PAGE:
## Symmetry and the Fourth Dimension (Part 11)

This is my favorite 2d view of a 4-dimensional cube, because it’s the most symmetrical. The 4 dimensions are depicted as going north, east, northeast and northwest.

Puzzle: count the cubes in this picture.

The cubes are a bit distorted, of course: they have to be because we’re squashing 4 dimensions down to 2! But they’re not very distorted.

Here’s the same picture rotated a bit, drawn by Tilman Piesk:

If we like, we can draw a 2d perspective picture of a 4-cube that’s so vivid it really looks 3-dimensional. There are lots of ways to do this. One clever way is to make the fourth dimension point inwards, towards the center:

This was drawn using Robert Webb’s Stella software, perhaps by Webb himself. I like the steel rods and brass balls.

On Wikicommons, someone who goes by the name “Maninthemasterplan” took another approach:

Cross your eyes so the two images overlap. If you get them to lie perfectly on top of each other, they’ll lock in place and you’ll see a 4-cube in 3d. This is called a stereogram.

Personally I don’t find this very helpful for understanding the 4-cube. Crossing my eyes and looking at this 3d image puts me into an altered state of mind which is fun but not good for doing mathematics!

We can also take a 3d perspective picture and set it rotating to make a movie, as Jason Hise did here:

But this is probably worth a discussion all its own! So, next time I’ll talk more about rotations in 4d.

### Hinton and the tesseract

The 4-dimensional cube has many names. I’ll call it the 4-cube since this is short and generalizes to higher dimensions. But it’s also called a 4-dimensional hypercube or simply a hypercube—as well as an 8-cell or regular octachoron, for some reason.

When I was growing up, science fiction writers of a certain ilk called the 4-cube a tesseract. That name still persists in some quarters, though not among mathematicians.

The term ‘tesseract’ has an interesting origin. It’s from a rarely used prefix tessara- meaning ‘four’ and the Ancient Greek word ἀκτίς meaning ‘ray’ (as in the element ‘actinium’). So, the term means ‘four rays’, and it comes from the fact that there are 4 edges coming out of each vertex of the tesseract.

But that’s not the interesting part. What’s interesting is that is was coined in 1888 by Charles Howard Hinton, in a book called A New Era of Thought, which espoused some curious ideas about the spiritual benefits of visualizing 4-dimensional geometry. In his later book The Fourth Dimension, he developed a system of colored cubes to help people do this.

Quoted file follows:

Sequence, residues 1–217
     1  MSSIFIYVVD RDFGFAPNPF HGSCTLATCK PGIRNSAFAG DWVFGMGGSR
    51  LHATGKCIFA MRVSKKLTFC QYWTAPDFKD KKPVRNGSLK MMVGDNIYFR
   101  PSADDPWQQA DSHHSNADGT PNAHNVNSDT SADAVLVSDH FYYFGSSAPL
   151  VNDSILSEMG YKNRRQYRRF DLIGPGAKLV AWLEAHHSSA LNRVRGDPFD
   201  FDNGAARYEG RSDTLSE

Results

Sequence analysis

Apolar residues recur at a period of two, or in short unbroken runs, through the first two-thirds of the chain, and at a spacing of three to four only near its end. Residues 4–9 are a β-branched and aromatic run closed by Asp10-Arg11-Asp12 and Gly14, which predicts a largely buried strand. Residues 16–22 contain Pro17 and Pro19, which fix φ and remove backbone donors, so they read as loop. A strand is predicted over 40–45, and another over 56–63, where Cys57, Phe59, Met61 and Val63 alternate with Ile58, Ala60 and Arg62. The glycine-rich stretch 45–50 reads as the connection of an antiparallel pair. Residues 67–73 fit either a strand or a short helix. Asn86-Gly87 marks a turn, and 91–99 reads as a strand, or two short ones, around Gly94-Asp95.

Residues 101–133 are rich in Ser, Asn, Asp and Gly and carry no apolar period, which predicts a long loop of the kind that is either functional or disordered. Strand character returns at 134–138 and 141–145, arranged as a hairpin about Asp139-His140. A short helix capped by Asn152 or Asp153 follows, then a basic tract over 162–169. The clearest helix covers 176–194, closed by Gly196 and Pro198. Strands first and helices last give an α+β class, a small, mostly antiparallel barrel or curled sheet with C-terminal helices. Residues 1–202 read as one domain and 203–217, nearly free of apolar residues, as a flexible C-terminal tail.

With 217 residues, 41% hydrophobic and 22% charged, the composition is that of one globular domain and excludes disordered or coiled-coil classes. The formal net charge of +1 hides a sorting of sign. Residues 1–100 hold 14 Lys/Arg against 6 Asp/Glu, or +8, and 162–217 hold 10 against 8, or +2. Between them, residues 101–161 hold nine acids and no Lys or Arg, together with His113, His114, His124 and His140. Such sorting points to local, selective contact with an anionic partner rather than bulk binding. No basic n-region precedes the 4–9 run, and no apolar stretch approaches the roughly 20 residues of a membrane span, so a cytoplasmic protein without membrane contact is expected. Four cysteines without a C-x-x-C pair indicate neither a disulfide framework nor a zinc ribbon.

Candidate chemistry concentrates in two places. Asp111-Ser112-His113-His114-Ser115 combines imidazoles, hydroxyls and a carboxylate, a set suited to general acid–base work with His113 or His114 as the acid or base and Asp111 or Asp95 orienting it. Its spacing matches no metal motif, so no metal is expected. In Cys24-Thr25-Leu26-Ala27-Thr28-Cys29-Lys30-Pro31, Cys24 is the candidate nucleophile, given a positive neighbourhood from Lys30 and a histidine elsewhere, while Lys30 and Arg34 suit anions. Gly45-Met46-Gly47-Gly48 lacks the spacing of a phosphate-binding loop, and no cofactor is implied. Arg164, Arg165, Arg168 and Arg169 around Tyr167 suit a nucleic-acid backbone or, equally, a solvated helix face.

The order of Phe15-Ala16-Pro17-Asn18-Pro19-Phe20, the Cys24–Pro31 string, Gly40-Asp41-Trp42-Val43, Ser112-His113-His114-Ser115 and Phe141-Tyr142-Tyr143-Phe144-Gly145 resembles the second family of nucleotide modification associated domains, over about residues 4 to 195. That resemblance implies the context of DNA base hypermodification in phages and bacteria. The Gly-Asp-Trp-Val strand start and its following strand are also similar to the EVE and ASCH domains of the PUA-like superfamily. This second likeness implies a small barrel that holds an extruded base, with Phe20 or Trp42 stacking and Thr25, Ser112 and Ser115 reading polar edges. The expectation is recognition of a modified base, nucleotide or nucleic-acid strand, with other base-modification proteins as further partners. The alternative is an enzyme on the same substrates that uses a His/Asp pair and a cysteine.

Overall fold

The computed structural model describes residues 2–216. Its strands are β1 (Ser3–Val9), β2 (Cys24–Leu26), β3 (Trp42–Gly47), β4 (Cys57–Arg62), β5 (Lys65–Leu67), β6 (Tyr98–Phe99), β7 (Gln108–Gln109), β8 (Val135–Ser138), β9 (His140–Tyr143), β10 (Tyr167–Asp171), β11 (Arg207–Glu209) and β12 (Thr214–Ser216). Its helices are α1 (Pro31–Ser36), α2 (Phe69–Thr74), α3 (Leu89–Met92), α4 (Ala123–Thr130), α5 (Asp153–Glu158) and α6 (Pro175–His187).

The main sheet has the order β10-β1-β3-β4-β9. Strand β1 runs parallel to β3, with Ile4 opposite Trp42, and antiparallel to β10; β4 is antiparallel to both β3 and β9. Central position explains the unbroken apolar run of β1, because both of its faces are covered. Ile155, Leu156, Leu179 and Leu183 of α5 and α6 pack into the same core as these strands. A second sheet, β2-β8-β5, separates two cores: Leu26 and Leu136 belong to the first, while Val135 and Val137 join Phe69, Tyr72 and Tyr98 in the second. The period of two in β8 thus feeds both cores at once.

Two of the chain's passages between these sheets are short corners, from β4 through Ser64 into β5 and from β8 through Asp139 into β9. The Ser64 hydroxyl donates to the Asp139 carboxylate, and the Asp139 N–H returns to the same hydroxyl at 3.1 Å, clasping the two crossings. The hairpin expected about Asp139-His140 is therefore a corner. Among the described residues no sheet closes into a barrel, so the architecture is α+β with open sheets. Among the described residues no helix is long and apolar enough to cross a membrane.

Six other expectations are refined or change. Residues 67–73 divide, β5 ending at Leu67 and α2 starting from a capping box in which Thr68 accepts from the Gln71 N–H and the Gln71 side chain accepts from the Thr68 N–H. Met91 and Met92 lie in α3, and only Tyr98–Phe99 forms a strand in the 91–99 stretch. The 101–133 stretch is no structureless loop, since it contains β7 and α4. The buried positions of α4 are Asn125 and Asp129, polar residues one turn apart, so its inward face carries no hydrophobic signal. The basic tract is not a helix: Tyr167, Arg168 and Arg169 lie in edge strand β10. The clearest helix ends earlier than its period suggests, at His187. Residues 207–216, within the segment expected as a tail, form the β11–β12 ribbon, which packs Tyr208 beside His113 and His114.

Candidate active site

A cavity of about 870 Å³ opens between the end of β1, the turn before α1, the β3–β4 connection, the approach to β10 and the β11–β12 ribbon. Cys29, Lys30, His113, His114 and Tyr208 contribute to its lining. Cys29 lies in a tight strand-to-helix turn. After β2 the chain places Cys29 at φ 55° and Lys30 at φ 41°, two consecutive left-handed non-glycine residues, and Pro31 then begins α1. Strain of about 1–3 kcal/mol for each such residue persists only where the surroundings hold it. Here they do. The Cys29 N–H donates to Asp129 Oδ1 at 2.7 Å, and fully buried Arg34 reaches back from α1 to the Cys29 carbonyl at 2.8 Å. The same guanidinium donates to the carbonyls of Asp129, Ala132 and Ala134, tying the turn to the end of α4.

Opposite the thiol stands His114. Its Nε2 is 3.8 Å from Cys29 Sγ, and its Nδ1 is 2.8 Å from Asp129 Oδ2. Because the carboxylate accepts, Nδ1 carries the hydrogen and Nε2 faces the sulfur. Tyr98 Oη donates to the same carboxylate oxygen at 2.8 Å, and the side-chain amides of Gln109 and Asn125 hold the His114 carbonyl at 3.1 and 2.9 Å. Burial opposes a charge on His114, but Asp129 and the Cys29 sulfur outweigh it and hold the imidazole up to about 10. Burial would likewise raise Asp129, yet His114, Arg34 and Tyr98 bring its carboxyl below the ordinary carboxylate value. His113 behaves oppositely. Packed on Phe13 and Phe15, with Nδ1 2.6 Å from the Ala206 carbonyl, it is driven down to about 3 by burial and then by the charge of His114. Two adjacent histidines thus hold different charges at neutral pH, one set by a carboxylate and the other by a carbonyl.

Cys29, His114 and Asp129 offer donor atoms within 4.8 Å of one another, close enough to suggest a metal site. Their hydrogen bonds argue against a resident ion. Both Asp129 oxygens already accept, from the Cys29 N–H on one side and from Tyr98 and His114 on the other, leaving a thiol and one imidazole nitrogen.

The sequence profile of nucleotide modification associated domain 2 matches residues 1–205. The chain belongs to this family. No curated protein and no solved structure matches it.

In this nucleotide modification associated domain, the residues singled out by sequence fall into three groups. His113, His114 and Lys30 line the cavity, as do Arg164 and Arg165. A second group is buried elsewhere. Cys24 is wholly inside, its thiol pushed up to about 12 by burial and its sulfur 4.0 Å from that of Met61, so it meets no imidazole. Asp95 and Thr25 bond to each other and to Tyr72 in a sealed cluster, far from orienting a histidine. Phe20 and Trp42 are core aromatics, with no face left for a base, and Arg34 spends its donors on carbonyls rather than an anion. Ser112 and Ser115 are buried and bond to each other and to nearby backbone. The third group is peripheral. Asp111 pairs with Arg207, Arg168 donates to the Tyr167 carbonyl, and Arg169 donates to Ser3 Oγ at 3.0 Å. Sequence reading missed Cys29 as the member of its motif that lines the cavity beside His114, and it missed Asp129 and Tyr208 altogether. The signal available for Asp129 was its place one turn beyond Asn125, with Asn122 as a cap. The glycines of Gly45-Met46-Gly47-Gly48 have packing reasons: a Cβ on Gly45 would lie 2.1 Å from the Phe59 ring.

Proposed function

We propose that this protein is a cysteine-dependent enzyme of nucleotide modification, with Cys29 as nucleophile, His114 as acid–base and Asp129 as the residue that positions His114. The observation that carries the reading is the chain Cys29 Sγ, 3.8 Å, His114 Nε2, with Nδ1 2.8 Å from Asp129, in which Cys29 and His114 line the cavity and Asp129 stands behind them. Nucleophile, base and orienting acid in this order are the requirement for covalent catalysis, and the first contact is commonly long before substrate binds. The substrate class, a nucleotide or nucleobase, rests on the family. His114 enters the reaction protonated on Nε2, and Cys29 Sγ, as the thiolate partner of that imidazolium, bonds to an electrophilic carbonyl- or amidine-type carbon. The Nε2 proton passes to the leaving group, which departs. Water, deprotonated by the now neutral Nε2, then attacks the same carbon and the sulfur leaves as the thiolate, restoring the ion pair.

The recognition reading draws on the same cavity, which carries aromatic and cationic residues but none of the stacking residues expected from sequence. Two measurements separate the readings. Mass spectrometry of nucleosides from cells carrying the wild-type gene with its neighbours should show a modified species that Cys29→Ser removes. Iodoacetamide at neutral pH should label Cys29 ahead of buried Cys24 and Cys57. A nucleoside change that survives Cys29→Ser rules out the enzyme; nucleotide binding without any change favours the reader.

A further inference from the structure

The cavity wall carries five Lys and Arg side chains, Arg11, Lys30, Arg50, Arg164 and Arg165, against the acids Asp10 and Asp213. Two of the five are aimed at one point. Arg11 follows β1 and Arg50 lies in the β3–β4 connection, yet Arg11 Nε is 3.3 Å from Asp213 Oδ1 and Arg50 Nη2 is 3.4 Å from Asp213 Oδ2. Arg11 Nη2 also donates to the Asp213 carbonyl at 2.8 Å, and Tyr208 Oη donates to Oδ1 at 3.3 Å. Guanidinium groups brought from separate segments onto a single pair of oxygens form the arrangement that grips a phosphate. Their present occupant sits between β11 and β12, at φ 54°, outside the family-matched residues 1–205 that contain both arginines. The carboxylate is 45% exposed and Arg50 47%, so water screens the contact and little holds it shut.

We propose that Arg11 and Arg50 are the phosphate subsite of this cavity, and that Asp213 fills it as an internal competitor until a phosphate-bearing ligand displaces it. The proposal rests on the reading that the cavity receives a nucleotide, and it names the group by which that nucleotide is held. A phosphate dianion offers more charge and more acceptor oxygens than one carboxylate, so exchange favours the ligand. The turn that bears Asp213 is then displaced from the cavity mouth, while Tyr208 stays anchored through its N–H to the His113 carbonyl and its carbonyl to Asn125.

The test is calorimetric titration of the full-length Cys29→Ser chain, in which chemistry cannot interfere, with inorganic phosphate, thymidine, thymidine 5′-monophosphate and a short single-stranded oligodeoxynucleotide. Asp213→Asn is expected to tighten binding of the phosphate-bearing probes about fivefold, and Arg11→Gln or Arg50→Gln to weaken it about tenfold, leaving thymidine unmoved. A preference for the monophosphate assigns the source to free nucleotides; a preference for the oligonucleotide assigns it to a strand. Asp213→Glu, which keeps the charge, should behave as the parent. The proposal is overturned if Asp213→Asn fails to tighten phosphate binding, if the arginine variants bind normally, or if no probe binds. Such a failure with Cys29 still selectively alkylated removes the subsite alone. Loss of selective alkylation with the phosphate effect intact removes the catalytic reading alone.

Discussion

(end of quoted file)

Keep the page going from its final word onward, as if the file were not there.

Rumors subsequently arose that these cubes had driven more than one person insane. The only substance to this that I can find is this letter appearing in Martin Gardner’s column after he wrote about Hinton:

Dear Mr. Gardner:

A shudder ran down my spine when I read your reference to Hinton’s cubes. I nearly got hooked on them myself in the nineteen-twenties. Please believe me when I say that they are completely mind-destroying. The only person I ever met who had worked with them seriously was Francis Sedlak, a Czech neo-Hegelian Philosopher (he wrote a book called The Creation of Heaven and Earth) who lived in an Oneida-like community near Stroud, in Gloucestershire.

As you must know, the technique consists essentially in the sequential visualizing of the adjoint internal faces of the poly-colored unit cubes making up the larger cube. It is not difficult to acquire considerable facility in this, but the process is one of autohypnosis and, after a while, the sequences begin to parade themselves through one’s mind of their own accord. This is pleasurable, in a way, and it was not until I went to see Sedlak in 1929 that I realized the dangers of setting up an autonomous process in one’s own brain. For the record, the way out is to establish consciously a countersystem differing from the first in that the core cube shows different colored faces, but withdrawal is slow and I wouldn’t recommend anyone to play around with the cubes at all.

Hiram Barton